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Restoring my first cornet



 
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agroovin48
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Joined: 07 Feb 2014
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Location: Goodyear, Arizona

PostPosted: Sat Feb 20, 2021 6:13 pm    Post subject: Restoring my first cornet Reply with quote

In 1958 the grade school I was going to decided to have a music program. Music store employees brought to the school various instruments that would be used in the band. Starting with 5th graders, we lined up to see which ones we could make a sound on. Naturally, mine was the cornet. I started taking music lessons and doing band practice with a rented cornet. By the spring of 1959 my parents decided to quit renting and bought me my Roth cornet.

I loved it and practiced religiously and played second chair then second first chair in the band. My teacher though, was short on patience and less strong on constructive coaching. After a couple years of watching him knock the music stand over in fits of anger or throw his baton or the music books across the room or holler at you if the lesson was not perfect, I finally had enough of it and quit. Too bad because I always came back to playing years later, but the break stopped what might have been a passion for a career.

My sister played the cornet after me and then my youngest brother had a hand at it. Unfortunately, he had the same bad habits as my music teacher, but instead of throwing a baton he slammed the cornet around. One of the last times I saw it in the 1960's it was really beat up. It had dents in the lead pipe a big dent and crease in the bell near the bow and the bell was crinkled from repeated blows opposite the second valve. After that, I never saw it again until September 2020.

My sister died in September and it was discovered that she had kept it all those years in it's very beat up case. There it was, the horn that started a life long, off and on love affair for me with the cornet and trumpet. Nobody else played or had any interest in it so I loaded it up in my car and took it home, not sure what I would do with it.

It didn't take long to decide. I sent it off to J Landress Brass for a full restoration. The cost was ridiculous for a student horn, but this had a lot of sentimental value to me. I sent it off in late September and got it back on February 2nd.

The transformation is fantastic, much better than I had hoped for. They did a beautiful gold tinted lacquer over polished brass and it looks incredible. They replaced the lead pipe with a new one and the crinkled bell is so beautifully straight that it is hard to imagine it being the same horn.

It was really a treat to play it for the first time in nearly 60 years and it sounds wonderful too. I can't begin to tell you how much I appreciate the great job that J Landress did for me. Thanks again J Landress! You guys are the best.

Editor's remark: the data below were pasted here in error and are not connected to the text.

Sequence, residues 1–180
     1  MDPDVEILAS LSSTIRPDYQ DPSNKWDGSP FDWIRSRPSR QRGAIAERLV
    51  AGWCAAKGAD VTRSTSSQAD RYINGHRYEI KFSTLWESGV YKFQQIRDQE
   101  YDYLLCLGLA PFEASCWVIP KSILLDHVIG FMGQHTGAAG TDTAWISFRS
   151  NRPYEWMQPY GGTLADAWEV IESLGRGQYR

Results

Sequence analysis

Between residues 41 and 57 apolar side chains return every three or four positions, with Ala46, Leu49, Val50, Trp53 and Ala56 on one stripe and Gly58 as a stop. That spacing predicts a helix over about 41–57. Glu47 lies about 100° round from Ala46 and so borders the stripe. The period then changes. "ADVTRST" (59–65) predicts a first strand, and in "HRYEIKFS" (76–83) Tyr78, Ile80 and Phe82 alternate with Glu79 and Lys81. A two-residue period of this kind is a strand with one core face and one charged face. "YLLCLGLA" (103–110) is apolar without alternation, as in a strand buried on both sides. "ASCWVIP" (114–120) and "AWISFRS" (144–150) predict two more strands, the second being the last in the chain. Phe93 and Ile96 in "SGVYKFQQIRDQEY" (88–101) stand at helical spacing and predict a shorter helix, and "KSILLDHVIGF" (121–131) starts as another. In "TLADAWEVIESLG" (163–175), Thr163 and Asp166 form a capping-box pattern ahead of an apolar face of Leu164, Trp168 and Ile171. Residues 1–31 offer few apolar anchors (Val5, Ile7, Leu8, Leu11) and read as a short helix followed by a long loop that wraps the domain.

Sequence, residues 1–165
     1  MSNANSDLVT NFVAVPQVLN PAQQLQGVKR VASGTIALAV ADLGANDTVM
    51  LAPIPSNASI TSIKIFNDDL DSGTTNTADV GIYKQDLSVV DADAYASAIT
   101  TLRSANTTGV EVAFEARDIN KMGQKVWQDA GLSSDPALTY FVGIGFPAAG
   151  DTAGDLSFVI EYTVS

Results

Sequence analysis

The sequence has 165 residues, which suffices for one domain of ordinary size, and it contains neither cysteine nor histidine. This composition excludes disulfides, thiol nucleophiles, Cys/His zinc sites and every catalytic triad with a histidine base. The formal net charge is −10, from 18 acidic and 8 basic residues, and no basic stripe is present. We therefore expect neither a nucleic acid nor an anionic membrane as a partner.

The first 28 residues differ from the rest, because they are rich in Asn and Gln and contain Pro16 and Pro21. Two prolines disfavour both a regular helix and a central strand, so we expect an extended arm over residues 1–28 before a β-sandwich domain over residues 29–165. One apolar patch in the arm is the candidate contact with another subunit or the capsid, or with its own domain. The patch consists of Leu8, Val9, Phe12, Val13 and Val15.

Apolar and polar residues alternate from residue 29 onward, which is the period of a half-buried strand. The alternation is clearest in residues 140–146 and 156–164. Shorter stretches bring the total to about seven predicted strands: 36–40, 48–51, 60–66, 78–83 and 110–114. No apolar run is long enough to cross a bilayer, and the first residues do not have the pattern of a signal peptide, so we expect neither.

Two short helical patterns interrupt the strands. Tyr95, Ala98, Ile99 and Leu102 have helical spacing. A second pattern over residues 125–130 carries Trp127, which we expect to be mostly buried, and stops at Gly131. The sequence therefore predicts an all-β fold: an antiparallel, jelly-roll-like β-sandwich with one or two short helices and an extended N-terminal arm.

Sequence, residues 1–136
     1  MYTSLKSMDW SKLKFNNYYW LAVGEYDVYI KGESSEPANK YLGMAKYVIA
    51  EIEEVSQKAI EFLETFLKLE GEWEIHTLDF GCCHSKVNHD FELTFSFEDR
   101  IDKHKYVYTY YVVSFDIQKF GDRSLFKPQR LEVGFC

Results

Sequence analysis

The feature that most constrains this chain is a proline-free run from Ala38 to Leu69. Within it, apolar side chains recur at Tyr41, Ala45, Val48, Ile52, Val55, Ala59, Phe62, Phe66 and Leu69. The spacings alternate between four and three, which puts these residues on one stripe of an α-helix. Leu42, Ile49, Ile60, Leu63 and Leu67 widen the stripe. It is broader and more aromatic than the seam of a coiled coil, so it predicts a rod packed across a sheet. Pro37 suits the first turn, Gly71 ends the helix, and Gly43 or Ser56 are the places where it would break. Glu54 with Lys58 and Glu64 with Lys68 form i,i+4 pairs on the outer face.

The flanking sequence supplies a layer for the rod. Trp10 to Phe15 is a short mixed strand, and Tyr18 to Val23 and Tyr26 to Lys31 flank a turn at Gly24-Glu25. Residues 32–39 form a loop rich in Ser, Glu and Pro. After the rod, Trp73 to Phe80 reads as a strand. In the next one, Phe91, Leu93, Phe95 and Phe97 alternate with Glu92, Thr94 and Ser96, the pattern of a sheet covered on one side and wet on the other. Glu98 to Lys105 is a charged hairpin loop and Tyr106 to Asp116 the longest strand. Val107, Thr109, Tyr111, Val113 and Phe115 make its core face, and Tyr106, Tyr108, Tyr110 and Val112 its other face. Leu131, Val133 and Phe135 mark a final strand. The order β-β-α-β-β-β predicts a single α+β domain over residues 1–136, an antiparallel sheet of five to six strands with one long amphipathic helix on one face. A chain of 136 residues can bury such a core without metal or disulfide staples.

Here's some before and after shots.

https://www.udrop.com/file/dm6h/Roth_Cornet_003.JPG
https://www.udrop.com/file/dm6k/Roth_Cornet_004.JPG
https://www.udrop.com/file/dm6p/Roth_restoration_001.JPG
https://www.udrop.com/file/dm6o/Roth_restoration_
https://www.udrop.com/file/dm6l/Roth_restoration_003.JPGs:
https://www.udrop.com/file/dm6q/Roth_restoration_004.JPG
https://www.udrop.com/file/dm6n/Roth_restoration_006.JPG
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agroovin48

Alan Cahill

1933 Conn Victor 80A Cornet
Yamaha 8335 II Neo Cornet
King Legend 2070
Yamaha 8335 Xeno II RGS


Last edited by agroovin48 on Sun Feb 21, 2021 9:29 am; edited 3 times in total
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jhatpro
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PostPosted: Sat Feb 20, 2021 9:11 pm    Post subject: Reply with quote

Great story!

A good way to post photos here or anywhere is use a service like smugmug.com
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Bethmike
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Location: Crystal Lake, il

PostPosted: Sun Feb 21, 2021 5:28 am    Post subject: Restoring old cornet Reply with quote

Old horns have a story to tell. Your horn has your story to tell, and you have your horn back in your hands. That is really wonderful.
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bworth
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PostPosted: Sun Feb 21, 2021 5:51 am    Post subject: Reply with quote

I liked your story. I had a music teacher just like the one you described, in high school.
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RUenvsci
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Joined: 28 Dec 2020
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PostPosted: Sun Feb 21, 2021 6:51 am    Post subject: Reply with quote

Beautiful post! Also glad to hear J Landress Brass doing such a great job. The shop is not far from me and I’d love to visit once the pandemic is over!
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jhatpro
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PostPosted: Sun Feb 21, 2021 7:08 am    Post subject: Reply with quote

I've had more than 30 teachers, directors, people in charge. Most have been generous and helpful. Only one had a habit of throwing chairs at the drummer.
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HERMOKIWI
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PostPosted: Sun Feb 21, 2021 10:35 am    Post subject: Reply with quote

The horn looks great! There are things that have personal value to a person which cannot be measured in dollars and cents. To have the cornet restored clearly brings you joy far in excess of the cost of the restoration. Good for you!

My father started me out on a garage sale cornet. When I showed progress and a commitment to learn and improve he traded in the cornet on a new Olds Recording trumpet. That was in 1962.

Although I switched to a Burbank Benge 3X in 1966 I kept the Olds. My daughter tried to learn to play trumpet in elementary school and played the Olds. It didn't work out. The other kids teased her about the fact that her trumpet wasn't silver and the case was beat up. She showed no aptitude for trumpet and she switched to vocal music (and ultimately got her college degree in vocal performance and theater performance).

In about 2000, when I started collecting trumpets, I had the Olds restored. The Olds has so much sentimental value to me that I wanted to bring it back to "like new" condition. I don't perform on the Olds, it's just on display with the rest of my collection but I love the horn and what it means to me and I'll never sell it.
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agroovin48
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Location: Goodyear, Arizona